Union slams Prime Minister for not valuing care workers

Thousands of mainly female, low paid care workers will be incensed to learn today (Friday), the Prime Minister has refused to waive tax and National Insurance deductions from the £500 Covid bonus granted by Welsh government.

As many as 65,000 care workers and their families in Wales will be negatively affected by the Prime Minister’s decision. UNISON Cymru Wales has slammed Boris Johnson for not valuing care workers.

Tax paid on the £500 will count against Universal Credit benefits the majority of care workers receive because their pay is so low and could reduce the bonus to as little as £125.

Welsh government announced the bonus to acknowledge the commitment of low-paid care workers throughout the Covid-19 lockdown. Despite the First Minister’s lobbying that tax should not apply, the Westminster government refused to budge so UNISON contacted the Prime Minister directly.

The trade union wrote to him in June, asking him to ‘do the right thing’ for Welsh care workers by allowing them to keep a pandemic bonus in full. It has only just received as response.

Karen Loughlin, UNISON Cymru Wales regional secretary, said: 

“The Prime Minister’s decision is disgraceful. This bonus was meant for hard-pressed care workers and their families, not to disappear into the Treasury’s coffers

“Care workers have looked after our loved ones under difficult and frightening circumstances during the pandemic and they were applauded by Boris Johnson.

“This decision shows he’s not on the side of care workers or working people in Wales. They have every right to feel bitter. The super-rich have become even wealthier during the lockdown but the people whose jobs are most socially valuable are forced to struggle on the breadline.

“The Secretary of State for Wales, Simon Hart, should be banging the Cabinet table for the people of Wales but that doesn’t seem to be happening either.”

UNISON says sustained investment in social care is urgently needed and it campaigns for a national care service. The trade union argues care workers should receive at least £10 per hour to lift them out of poverty.

Notes for editors

  • UNISON says typically care workers in the private or not-for-profit sector earn minimum wage pay on insecure, zero hour contracts. Some care workers are unsure one day to the next whether they have got a job. Very low pay means many are reliant on Universal Credit to survive.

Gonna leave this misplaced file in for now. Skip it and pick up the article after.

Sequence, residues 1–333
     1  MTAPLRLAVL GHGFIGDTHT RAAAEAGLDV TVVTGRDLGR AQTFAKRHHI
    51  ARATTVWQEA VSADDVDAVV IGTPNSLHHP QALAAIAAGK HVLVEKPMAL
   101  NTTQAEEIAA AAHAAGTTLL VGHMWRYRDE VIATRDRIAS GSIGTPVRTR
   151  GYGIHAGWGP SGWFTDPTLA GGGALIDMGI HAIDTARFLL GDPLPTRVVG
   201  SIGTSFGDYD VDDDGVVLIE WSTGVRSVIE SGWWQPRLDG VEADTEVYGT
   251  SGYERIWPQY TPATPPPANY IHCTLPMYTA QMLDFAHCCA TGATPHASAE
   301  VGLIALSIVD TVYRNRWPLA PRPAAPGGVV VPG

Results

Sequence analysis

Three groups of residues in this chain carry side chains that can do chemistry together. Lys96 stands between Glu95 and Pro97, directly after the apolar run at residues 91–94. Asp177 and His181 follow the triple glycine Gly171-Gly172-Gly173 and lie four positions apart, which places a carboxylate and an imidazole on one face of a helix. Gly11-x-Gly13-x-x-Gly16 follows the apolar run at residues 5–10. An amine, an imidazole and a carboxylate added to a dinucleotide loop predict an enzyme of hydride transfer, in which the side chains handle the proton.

• Welsh government announced the bonus to acknowledge the commitment of low-paid care workers throughout the Covid-19 lockdown. Despite the First Minister’s lobbying, the Westminster government refused to budge so UNISON decided to contact the Prime Minister directly.
  • HM Treasury says that the £500 is subject to tax and NICs unless specifically exempt.
  • As things currently stand this means that a full time home care worker will be liable for income tax of £100 and NICS of £60. Home care workers are also likely to be in receipt of Universal Credit because their incomes are so low. They also stand to see a cut to their Universal Credit of £214.20. This means that they would actually receive just £125.80. The position of part time care workers depends on their gross annual income.
  • UNISON’s letter to the Prime Minister (sent Thursday 25 June), can be found hereIt includes analysis and charts of the impact on the £500 bonus.
  • The response from the Treasury on behalf of the Prime Minister can be found here
  • UNISON is clear, the £500 in no way deals with the systemic low pay of the care sector and it has called for sustained investment to lift care workers out of in-work poverty and provide dignity for clients. It has recently called for a national care service.
  • UNISON has developed an Ethical Care Charter


Alastair Gittins, UNISON Cymru Wales press officer on 07816 53 83 97